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Hi everyone!
This month features some exciting and original battles from Abu Dhabi, Saint Louis and Bournemouth. I'm also pleased to include a guest contribution from Richard Pert who annotates his game against Michael Adams, the winner of this year's British Championship. Indeed, in this Update, Adams wins from both sides of the board.

Download PGN of September ’16 Flank Openings games

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Réti Opening 1 Nf3 d5 2 c4 d4 3 e3 [A09]

In the Réti after 1 Nf3 d5 2 c4 d4 it has been a while since we looked at 3 e3 as there have been many games with the alternatives 3 b4 and 3 g3. After 3...Nc6 4 Nxd4 Nxd4 5 exd4 Qxd4 6 Nc3 c6, White cedes the d4-square (at least temporarily), hoping to win time against the Black queen, and thereby regain central control later on:

Antipov, M - Sarkar, J continued with 7 d3 Nh6 8 Be2 and now 8...Nf5 is the most combative move, preventing 9 Be3 and perhaps daring White to play 9 g4!?, which Antipov was indeed tempted to do. White had actually lost every previous database game (!) with 9 g4, but when Black missed his best chances, Antipov secured the win. Objectively, 9 0-0 gives better chances for an opening advantage.

Réti Double Fianchetto vs Reversed Benoni [A14]

Jones, G - Adams, M opened with 1 c4 e6 2 g3 d5 3 Bg2 Nf6 4 Nf3 Be7 5 0-0 0-0 6 b3 c5 7 e3 Nc6 8 Bb2 d4. This reversed-Benoni setup is strategically the most challenging answer to the Réti Double-Fianchetto system:

Here Jones chose 12 Ne5 Nxe5 13 Rxe5 but after 13...Bd6 missed his best chance which was the exchange sac 14 Bxd4!. Instead after 14 Re1 e5 White found it impossible to get active play. Adams gradually increased the pressure and was almost flawless from this point on.

Pseudo-Grünfeld 5 h4 [A16]

A topical anti-Grünfeld line starts 1 Nf3 Nf6 2 c4 g6 3 Nc3 d5 4 cxd5 Nxd5 5 h4:

Here, in Cyborowski, L - Shishkin, V Black chose 5...Nxc3 which we haven't previously looked at on this site. Black avoids the setup with 5...Bg7 6 e4 Nxc3 7 dxc3 when the queenless middlegame is not to everyone's taste. The point of Black's move-order is that 6 dxc3 makes less sense while Black still has full flexibility in his development plans. In the game, after 6 bxc3 a complex position arises, and I examine the current state of theory in the notes.

In Kuzubov, Y - Dragun, K Black instead chose 5...Bg7 and now White played the aggressive 6 h5 (which is currently just as popular as 6 e4). After Nc6 7 g3 with 7...Bf5 Black varied from 7...Bg4 which has been played several times by Wei Yi.

Both sides had chances in an interesting opening. Black eventually won with a spectacular finish.

Mikenas Attack 3...d5 4 cxd5 exd5 5 e5 Ne4 [A18]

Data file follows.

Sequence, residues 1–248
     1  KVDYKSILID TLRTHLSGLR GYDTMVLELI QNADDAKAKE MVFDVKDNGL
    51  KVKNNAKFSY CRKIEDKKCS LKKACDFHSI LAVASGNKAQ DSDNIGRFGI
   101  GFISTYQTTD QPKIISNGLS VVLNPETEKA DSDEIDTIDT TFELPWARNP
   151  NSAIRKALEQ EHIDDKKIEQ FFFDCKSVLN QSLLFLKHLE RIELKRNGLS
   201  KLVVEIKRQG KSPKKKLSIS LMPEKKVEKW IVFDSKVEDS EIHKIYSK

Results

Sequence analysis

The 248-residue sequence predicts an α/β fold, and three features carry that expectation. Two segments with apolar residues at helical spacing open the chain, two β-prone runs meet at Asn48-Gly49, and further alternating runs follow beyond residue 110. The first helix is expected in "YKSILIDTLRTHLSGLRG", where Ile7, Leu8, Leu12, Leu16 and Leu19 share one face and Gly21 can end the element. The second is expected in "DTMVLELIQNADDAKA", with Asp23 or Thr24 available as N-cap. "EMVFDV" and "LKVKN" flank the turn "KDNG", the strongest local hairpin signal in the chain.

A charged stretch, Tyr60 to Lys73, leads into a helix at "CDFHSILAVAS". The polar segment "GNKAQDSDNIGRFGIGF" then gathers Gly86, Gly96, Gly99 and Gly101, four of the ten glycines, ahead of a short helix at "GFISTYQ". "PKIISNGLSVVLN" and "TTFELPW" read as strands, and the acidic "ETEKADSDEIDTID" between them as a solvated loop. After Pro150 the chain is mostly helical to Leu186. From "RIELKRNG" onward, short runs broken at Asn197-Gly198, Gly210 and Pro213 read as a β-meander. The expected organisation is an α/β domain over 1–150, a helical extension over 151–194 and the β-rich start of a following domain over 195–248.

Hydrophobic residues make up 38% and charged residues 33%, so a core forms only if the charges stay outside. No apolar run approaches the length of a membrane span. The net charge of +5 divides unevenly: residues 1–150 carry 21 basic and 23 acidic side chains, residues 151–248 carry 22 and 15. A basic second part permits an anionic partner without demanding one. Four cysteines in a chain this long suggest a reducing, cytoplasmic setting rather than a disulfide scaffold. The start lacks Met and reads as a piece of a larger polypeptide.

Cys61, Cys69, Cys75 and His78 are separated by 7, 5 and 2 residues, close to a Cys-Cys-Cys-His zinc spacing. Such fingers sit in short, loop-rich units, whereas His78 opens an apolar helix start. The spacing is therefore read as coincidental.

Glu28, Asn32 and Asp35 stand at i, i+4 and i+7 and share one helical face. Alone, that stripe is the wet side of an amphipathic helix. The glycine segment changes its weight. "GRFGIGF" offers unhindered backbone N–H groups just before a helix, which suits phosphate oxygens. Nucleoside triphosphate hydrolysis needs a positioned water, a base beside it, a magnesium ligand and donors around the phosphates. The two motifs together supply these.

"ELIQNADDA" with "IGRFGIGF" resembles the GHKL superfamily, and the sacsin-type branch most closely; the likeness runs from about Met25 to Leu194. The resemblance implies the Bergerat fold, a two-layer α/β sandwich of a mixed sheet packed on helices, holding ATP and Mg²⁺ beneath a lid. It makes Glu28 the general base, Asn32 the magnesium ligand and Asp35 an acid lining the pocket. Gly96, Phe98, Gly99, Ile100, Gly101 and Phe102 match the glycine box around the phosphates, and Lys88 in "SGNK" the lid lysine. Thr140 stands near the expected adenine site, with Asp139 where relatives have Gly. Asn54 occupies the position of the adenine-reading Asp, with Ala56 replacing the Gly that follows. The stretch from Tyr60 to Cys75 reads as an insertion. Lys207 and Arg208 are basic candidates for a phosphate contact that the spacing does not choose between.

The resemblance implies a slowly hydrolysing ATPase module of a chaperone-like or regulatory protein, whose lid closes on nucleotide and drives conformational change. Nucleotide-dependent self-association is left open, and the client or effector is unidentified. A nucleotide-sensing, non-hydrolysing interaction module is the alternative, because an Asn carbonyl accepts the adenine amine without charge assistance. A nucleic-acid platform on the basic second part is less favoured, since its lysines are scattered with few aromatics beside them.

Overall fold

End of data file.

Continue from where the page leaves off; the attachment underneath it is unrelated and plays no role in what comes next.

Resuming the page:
Howell, D - Eggleston, D opened with 1 c4 Nf6 2 Nc3 e6 3 e4 d5 4 cxd5 exd5 5 e5 Ne4 6 Nf3 and now Black essayed 6...Nc6 instead of 6...Bf5 which has been in vogue for the last few years. Indeed, Howell had played the latter move with Black a few days earlier against Gawain Jones.

After 7 Bb5 Be7 8 Qa4 Bd7 9 Nxe4 Black had the key intermediate move 9...a6! which makes life difficult for White. The course of the game confirmed that White should look to early deviations in search of an advantage. Black was slightly better in the ensuing endgame, although David Howell gradually outplayed his opponent.

King's English 4...Bc5 [A29]

Guest annotator Richard Pert analyzes the game Adams, M - Pert, R which began 1 c4 e5 2 g3 Nf6 3 Bg2 Nc6 4 Nc3 Bc5 5 Nf3 d6 6 0-0 0-0 7 e3 a6 8 d4 Ba7:

After 9 h3 Richard chose 9...exd4, varying from 9...h6 which he played against Howell in last year's British Championship - a game also analyzed on Chess Publishing. Although Adams eventually prevailed, as Richard says "the system looks a decent one, given that I had clearly better positions against both Howell and Adams with Black".

Reversed Dragon [A29]

The reversed Dragon continues to be a theoretical battleground for top players. This month we feature two games from the recent Sinquefield Cup. In the starting position after 1 c4 e5 2 g3 Nf6 3 Bg2 d5 4 cxd5 Nxd5 5 Nc3 Nb6 6 Nf3 Nc6 7 0-0 Be7, White has three main plans, 1) the traditional mainline with a quick a2-a3 and b2-b4 2) 8 Rb1 aiming for b2-b4 without spending a tempo with the a-pawn and 3) Piece development with 8 d3 and an early Bc1-e3.

So, W - Topalov, V followed the third of these schemes, reaching the following position after White's 10th move:

After 10...Nd5 11 Nxd5 Bxd5 12 Qa4, a well prepared Wesley So uncorked a new concept with 14 Nd2 and 18 e4. Nevertheless, Topalov managed to equalize, before over-pressing and going down to a loss.

In Giri, A - Aronian, L White opted for 8 Rb1 trying for an accelerated b2-b4, which Black parried with 8...a5. Giri then went for the central break with 9 d3 0-0 10 Be3 Be6 11 d4:

With 14 f4 White injected some dynamism into the game, but after perhaps missing some nuances around move 16-17, White no longer had anything from the opening.

I hope you enjoy this Update!

Until next month, David.

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